Tag Archives: vintage

19th and 20th century lithographs + angels, art and advertising

American Crescent Cycles par Winthrop Ramsdell 1899

La Tournée du Chat Noir par Thoéphile Steinlen. 1896. Tin plate.


Cats That Come Back. At a poster store in Montmartre you spent your final few euros on cards depicting the lithographic advertising styles of the late 19th and early 20th century. You took photos of the outside of the poster store, and had one taken of yourself and your youngest son, a part of you indulging in some late-afternoon fantasy that you were the proprietors of said store. What fun, surrounded by art originally intended to part one from one’s cash – and a hundred years later it’s still doing the same, only selling itself this time around. What a sale, what a fine boutique did those Parisian streets make for you. For it’s easy to get lost in the culture, art and spirit of expression when it surrounds you in all its breath-taking vibrancy. There is a deep yearning. A searching back through history to find a part of yourself you may recognise. Print advertising is consumerism’s cocky high art. A brassy exhibition of wonders. A sly yet alluring gallery that invites you inside. It’s everything you love and loathe in the same moment. You pitch these paper testimonials to commercialism with all the integrity and enthusiasm of a loving archivist. But you are also an artist. Those Paris streets and galleries and windows and walls whispered to your heart. Hell, sometimes they yelled at you, told you they remembered, recalled your angels & fey (born from the snippets and slivers of glossy ads in magazines in case you didn’t know), the exhibitions, the foreign shores, the hours spent holding brushes and conjuring colours. You sold it well, they said. You made an impression. You left a mark. People were happy. Sometimes that’s the least you have to do. From: The Artist and the Four Hats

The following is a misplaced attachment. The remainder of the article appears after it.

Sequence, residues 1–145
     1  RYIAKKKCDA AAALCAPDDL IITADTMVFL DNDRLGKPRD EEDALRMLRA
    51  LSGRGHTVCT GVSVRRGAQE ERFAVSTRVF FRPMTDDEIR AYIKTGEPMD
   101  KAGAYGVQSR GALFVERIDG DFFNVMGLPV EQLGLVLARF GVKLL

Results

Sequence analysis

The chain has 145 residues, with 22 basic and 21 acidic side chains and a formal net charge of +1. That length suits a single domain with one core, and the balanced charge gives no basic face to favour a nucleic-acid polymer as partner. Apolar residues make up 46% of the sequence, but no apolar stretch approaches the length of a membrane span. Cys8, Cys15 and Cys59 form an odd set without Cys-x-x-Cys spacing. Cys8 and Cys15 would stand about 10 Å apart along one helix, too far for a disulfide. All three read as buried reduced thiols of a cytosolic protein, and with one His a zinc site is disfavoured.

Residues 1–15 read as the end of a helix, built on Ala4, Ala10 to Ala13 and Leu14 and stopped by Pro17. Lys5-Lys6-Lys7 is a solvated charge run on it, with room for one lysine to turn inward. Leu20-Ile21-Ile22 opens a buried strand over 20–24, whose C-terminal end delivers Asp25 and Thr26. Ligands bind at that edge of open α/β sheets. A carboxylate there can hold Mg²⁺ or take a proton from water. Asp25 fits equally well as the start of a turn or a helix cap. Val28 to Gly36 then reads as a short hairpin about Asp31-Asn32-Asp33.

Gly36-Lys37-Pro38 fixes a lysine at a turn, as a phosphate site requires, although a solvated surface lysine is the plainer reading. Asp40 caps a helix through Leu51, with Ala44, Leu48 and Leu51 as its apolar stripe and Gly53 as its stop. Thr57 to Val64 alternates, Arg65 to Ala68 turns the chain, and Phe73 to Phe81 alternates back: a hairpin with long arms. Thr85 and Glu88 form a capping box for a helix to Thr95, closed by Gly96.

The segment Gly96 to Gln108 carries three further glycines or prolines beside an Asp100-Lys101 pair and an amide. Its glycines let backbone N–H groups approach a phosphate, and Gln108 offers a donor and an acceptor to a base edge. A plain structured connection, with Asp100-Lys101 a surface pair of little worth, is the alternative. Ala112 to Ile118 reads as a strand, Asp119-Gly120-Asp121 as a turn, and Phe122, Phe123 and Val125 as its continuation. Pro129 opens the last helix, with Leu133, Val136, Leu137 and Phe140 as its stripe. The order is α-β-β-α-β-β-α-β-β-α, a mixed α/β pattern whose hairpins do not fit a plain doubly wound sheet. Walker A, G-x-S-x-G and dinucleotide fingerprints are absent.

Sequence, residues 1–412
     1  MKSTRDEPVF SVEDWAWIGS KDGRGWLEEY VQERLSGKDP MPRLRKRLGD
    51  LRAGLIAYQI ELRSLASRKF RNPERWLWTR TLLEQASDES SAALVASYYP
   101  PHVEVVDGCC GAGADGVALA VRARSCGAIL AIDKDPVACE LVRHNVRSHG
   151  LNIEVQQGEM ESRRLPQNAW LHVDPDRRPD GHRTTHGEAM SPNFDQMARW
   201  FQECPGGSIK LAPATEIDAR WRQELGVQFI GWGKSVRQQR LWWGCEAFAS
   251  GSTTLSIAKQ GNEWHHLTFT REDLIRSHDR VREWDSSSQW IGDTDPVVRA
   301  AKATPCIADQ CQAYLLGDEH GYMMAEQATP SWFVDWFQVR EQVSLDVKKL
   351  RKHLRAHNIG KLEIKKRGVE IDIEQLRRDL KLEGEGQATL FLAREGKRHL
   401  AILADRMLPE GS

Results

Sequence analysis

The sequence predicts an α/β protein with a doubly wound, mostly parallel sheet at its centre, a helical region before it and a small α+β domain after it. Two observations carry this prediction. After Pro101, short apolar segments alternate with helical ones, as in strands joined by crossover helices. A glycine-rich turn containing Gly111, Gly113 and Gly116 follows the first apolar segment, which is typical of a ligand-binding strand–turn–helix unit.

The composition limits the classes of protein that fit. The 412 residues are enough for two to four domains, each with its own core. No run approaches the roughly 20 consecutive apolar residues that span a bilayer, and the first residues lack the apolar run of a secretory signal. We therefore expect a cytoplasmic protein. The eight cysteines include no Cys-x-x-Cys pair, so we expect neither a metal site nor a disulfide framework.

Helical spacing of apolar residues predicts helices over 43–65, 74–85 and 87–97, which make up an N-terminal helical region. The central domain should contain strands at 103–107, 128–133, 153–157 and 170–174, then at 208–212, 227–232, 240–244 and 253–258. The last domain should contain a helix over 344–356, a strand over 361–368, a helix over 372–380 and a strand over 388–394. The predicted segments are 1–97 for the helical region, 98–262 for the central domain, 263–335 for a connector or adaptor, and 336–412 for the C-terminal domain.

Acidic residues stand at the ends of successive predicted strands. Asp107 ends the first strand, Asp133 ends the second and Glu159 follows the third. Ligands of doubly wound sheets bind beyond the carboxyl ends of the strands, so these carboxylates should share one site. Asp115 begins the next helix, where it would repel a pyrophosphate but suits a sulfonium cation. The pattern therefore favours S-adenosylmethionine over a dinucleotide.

Job par Alfons Mucha 1896

Job done?

For a bit

Too busy writing

To try and score another hit

It’s a circle you see

A merry go round

You jump on and off at certain points

feet touch the ground

Back up again

Always looking for those special connections


Palooka N° 5


Words, Angel & Fey artwork by the editor.
Colour Angels & Fey scans taken from Palooka issue 5.
Lithograph adverts scanned from commercial postcards and tin plates are shown for illustrative purposes only. No infringement of copyright is intended.
Cat count: we spotted at least 26 images of cats in this blog post. A new TVTA record!

The Ups and Downs of the Cat

“Wooof, please stop jumping up and down on top of the scanner,” I said to the office cat this morning. “Look what you’ve gone and done to our advert for ‘Splash Out’. I’m going to have to scan it again now!”



“It’s not me!” replied the cat. “It’s this new Yo-Yo I bought from the toy shop in town. It seems to have a mind all of it’s own!”

“Yo-Yo you say? That reminds me, I need to scan a couple of Yo-Yo adverts I found in the archives – if you’ve quite finished destroying the office equipment?”

“No worries,” said the cat. “I’ll go practice my Yo-Yo skills in the garden.”

“Not too close to the greenhouse though, eh?”

“Do you think I’m that daft?”

Later … Smash! Tinkle! Shatter! Meeeowwwlll!


1980s Coca-Cola and Fanta Yo-Yos by Russell

In other Up and Down news…
R2-D2 defies gravity, C-3PO keeps his feet on the ground …

Illustration by David Kawami from The Star Wars Question and Answer Book about Space. 1979.

Q: What cool thing happens when you cross a video game icon with bubble gum and pocket money? 
A: The Pac-Man Bubble Gum Money Box! (I so want one of these!)

Hamleys. UK. 1983.

Oops! Putting your foot in it …

Hamleys. UK. 1983.

Nadia and her gymnasium

Ets De Neuter. 1995. France.

Make friends … yes 🙂

Junior Sales Club. 1974

The Whizz Kids Guide, How To books

Star Wars Weekly. UK. 1979.

Big Jim, Big Josh, Big Jack, Dr. Acero

Congost catalogue. 1977. Spain.